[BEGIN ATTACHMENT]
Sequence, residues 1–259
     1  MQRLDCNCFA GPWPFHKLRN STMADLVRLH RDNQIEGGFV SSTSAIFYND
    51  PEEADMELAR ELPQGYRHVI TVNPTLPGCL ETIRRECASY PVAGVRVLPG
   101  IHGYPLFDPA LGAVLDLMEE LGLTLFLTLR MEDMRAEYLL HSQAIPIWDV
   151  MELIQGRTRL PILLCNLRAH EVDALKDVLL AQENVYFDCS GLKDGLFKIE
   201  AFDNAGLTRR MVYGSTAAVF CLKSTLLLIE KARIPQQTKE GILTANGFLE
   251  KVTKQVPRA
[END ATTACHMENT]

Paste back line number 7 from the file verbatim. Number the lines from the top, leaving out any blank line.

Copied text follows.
   251  KVTKQVPRA